The above image also shows the third of the three most common criteria for chaos: periodicity. This means that the system oscillates in some kind of way. The top half the picture above shows the time series of z variable (see link above for the full model if you are interested). If we plot the data in a different way, we get the image below. This image is called the Lorenz attractor. We see it loops around, but that it is bounded in space. That is, there are places we can say the path will not go. Intriguingly, the Lorenz attractor has a fractal dimension of 2.06. For more on fractals, you can read my posts on fractals and fractal dimensions.

Simple example of chaos: the double pendulum

Many pretty simple systems can exhibit chaos. The easiest example is the double pendulum, which is just a pendulum whose bottom is the top for a second pendulum.  The video below shows the complexity of behavior achieved by the double pendulum. Chaos has also been demonstrated in electrical circuits, biological systems, electrochemical reactions and planetary orbits. In another post, I will write about the amazingly universality of chaos, which shows how all of the diverse systems I listed are in fact very similar.

Fun Science: Art Resembling Science

Can you tell the two below pictures apart? Which of the following two images is a modern aboriginal painting, and which is a picture of an oscillatory chemical reaction?


The left image is of the Belousov-Zhabotinsky (BZ) chemical reaction. The right image is a painting from Western Australia using aboriginal techniques. They are strikingly similar. Could it just be a coincidence? I believe some models with bacteria growing competitively yield similar patterns; perhaps such patterns existed in nature. (EDIT: traveling wavefronts like above have been shown in slime molds. A search on “cAMP spiral waves” reveals many examples.)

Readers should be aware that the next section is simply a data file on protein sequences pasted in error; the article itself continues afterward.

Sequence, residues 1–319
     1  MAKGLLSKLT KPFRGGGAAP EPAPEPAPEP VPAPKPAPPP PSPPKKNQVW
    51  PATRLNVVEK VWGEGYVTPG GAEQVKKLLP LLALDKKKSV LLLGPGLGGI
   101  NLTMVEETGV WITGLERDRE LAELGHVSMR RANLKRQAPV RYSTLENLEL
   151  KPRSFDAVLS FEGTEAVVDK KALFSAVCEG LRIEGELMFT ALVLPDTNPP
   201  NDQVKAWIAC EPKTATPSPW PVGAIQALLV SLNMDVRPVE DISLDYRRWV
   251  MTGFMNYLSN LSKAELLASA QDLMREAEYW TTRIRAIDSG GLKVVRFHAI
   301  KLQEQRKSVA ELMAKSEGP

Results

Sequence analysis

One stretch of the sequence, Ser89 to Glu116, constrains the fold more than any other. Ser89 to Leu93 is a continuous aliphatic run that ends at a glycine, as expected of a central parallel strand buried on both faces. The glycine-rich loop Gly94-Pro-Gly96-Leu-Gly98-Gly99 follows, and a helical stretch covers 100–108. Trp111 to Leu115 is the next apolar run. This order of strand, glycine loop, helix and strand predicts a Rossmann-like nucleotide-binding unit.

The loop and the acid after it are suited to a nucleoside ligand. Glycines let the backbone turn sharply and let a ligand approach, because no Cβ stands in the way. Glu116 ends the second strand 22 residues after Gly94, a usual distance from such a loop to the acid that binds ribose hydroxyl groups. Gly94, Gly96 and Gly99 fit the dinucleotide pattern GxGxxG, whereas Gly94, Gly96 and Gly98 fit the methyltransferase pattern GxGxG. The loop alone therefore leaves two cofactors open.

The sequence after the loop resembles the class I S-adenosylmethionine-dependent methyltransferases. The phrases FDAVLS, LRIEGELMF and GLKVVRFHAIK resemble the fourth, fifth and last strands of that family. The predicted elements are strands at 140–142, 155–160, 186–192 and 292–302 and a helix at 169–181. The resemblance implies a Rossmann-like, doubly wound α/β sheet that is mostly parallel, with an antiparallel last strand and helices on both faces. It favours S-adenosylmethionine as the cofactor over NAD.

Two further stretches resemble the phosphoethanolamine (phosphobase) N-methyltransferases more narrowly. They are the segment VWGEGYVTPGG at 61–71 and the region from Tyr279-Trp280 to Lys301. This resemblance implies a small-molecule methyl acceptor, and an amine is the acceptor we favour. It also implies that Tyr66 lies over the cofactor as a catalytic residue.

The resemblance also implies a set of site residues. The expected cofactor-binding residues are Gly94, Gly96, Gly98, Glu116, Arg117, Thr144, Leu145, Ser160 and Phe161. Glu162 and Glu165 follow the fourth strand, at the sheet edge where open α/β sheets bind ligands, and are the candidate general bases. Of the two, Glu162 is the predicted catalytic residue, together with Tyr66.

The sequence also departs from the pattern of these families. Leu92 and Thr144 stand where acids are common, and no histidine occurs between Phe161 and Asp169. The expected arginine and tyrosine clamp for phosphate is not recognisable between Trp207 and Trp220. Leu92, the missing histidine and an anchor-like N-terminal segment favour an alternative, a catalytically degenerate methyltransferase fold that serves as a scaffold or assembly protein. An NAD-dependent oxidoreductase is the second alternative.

Art: Aboriginal designs from Western Australia

The image on the right above came from a book about Aboriginal art called Balgo-4-04 that I found at the Kluge-Ruhe Aboriginal collection in Charlottesville, VA. Unfortunately, I did not think to write down the title of the exact work, or its info (hopefully I will go back soon and retrieve it).

The collection was put together by Warlayirti artists from Western Australia. I don’t know the year of this painting, but I think it is modern and based upon older sand painting techniques. Unfortunately I am not enough of an expert on this topic to provide any deep insights. If anyone else is, I’d love to learn more.

Science: Belousov-Zhabotinsky reaction

The image on the left is an image of the Belousov-Zhabotinsky (BZ) reaction (photo credit: Brandeis U Chemistry). For a more technical overview, check out the Scholarpedia page. Transition metals at different oxidation states lead to these colors; the particular metal can be varied to give different properties. Cerium and manganese, as well as many others, can be used in the reaction. The curling waves in the dish are traveling oscillations. The video below shows the patterns in time.